properly prepared students who have completed Botany 2 and 3 as given during the regular session or during the Summer Sessions or a suitable equivalent. Laboratory fee, $2.50. Hours and credit to be arranged. 4 Botany Building.

CHEMISTRY

EUGENE P. Schoch, Ph.D., Professor of Chemistry, University of Texas.
WALTER C. BLASDALE, Ph.D., Associate Professor of Chemistry.
GERALD E. K. BRANCH, M.S., Teaching Fellow in Chemistry.
ELMER W. GRUER, B.S., Instructor in Chemistry, University of New

Mexico.
Thomas D. STEWART, Assistant in Chemistry.

The chemical laboratories will be open daily, except Saturdays, from 8 a.m. to 12 m., and from 1 p.m. to 4 p.m. A deposit of $15.00 will be required of all students taking laboratory courses; of this sum $10.00 will be retained for cost of materials, and the balance, after deducting for apparatus broken or lost, will be refunded.

1. Elementary Chemistry.

Professor SCHOCH, Associate Professor BLASDALE, and Mr. BRANCH. An introduction to general chemistry, with especial reference to those

facts and principles which form an essential part of a general education. Daily lectures, experimentally illustrated, and experimental work carried on by the student. Credit for matriculation Chemistry 12b will be given for a satisfactory completion of the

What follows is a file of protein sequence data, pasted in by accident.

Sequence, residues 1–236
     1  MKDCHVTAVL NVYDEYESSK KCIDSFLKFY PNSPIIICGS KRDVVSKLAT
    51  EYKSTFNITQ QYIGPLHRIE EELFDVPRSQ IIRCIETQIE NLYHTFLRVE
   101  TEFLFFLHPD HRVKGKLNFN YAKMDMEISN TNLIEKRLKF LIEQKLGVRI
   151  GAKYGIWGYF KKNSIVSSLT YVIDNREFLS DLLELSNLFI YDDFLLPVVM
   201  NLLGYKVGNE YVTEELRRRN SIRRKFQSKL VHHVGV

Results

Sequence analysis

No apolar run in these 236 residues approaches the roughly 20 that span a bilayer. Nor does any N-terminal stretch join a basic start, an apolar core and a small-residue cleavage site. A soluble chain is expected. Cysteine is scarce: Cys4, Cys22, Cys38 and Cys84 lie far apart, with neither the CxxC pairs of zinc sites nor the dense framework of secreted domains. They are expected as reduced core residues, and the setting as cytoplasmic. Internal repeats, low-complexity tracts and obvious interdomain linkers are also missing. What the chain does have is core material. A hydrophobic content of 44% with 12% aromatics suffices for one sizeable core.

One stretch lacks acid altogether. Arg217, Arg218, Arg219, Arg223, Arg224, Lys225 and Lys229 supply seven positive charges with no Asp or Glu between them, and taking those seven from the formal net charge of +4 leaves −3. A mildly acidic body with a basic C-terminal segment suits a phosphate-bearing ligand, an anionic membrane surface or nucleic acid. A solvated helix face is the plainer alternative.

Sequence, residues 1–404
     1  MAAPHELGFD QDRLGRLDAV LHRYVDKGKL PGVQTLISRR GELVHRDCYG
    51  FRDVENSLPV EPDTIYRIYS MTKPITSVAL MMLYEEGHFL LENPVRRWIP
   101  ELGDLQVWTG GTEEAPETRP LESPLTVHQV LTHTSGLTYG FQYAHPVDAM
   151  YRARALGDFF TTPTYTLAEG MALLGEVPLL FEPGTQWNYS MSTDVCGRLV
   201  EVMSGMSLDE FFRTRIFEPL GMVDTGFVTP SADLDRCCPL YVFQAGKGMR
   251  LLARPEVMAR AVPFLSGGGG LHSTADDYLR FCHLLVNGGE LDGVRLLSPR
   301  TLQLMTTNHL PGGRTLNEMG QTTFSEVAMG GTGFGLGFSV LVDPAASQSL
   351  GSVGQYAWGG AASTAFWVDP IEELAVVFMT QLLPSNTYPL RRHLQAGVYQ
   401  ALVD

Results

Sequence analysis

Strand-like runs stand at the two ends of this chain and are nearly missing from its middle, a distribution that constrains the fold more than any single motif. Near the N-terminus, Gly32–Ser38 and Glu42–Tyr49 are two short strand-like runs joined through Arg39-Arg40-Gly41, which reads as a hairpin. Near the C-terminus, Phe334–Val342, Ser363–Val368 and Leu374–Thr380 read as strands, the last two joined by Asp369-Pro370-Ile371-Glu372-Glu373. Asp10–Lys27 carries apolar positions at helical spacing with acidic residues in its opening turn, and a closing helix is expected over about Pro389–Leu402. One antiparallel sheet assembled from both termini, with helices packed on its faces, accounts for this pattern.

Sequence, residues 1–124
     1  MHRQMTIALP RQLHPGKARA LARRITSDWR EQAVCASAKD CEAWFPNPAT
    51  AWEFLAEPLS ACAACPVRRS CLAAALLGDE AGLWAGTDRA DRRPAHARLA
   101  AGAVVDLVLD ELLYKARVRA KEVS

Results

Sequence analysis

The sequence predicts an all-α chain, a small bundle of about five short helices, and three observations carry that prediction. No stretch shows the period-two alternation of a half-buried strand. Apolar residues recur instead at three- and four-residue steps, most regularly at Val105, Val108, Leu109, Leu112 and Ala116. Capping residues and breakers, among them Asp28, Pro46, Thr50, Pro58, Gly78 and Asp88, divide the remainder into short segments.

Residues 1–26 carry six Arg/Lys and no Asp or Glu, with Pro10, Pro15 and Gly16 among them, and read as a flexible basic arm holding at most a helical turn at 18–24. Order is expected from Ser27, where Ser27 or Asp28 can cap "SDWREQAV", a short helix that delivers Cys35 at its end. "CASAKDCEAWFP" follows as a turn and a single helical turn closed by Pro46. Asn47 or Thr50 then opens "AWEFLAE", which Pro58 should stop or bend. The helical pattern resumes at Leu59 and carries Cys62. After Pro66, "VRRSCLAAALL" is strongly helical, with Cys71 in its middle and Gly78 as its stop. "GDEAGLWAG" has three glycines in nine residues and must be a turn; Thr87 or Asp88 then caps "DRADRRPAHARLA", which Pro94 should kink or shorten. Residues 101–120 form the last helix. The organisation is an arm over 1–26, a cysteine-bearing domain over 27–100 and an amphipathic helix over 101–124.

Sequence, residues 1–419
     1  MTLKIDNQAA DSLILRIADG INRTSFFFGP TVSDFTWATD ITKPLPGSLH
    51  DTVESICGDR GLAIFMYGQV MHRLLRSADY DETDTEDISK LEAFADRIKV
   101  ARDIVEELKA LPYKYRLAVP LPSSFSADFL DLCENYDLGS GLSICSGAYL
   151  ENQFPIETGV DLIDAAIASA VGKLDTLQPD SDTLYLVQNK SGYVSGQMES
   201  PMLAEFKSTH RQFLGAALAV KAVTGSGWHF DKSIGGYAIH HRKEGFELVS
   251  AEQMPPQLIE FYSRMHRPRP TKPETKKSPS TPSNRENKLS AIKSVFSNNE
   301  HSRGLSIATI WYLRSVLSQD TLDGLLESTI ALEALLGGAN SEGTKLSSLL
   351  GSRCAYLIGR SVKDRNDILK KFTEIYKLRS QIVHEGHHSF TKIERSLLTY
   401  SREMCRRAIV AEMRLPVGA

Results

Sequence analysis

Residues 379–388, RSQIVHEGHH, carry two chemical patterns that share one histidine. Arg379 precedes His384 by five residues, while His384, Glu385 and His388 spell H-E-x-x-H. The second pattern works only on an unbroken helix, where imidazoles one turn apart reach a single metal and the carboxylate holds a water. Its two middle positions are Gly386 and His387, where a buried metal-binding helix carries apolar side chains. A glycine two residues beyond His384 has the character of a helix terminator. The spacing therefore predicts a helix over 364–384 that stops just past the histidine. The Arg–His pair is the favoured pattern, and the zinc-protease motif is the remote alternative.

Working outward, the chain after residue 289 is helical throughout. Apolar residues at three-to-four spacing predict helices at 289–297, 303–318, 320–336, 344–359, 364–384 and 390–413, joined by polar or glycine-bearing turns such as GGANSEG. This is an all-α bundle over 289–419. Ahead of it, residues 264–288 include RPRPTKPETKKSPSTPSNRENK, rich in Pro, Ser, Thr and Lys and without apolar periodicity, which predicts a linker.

course.

Lectures, M Tu W Th F, 11. 217 Chemistry Building.

2. Elements of Organic Chemistry.

Mr. BRANCH. An introduction to the study of carbon compounds; equivalent to

Chemistry 8a given in the regular session. 2 units. M Tu W Th F, 9. 217 Chemistry Building.

100. Teachers' Course.

Professor Schoch. Lectures and discussions on the choice of subject matter and the

methods of presentation in a first course of general chemistry. Members of this course are recommended to take at least the lectures

in course 1. 1 unit. M W F, 10. 210 Chemistry Building.

101. Applications of Chemistry. Associate Professor BLASDALE The relation of chemistry to matters of daily experience, to industry,

and to the other sciences. 1 unit. MW F, 10. 217 Chemistry Building.

200. Chemical Research. The members of the instructing staff resident in Berkeley during

the summer will assist properly qualified students to prosecute experimental investigations in the fields of organic, inorganic, and physical chemistry. The special problems will be designed to meet individual needs, and the hours will be arranged between the instructor and the student. Credit not to exceed 3 units may be given for the course.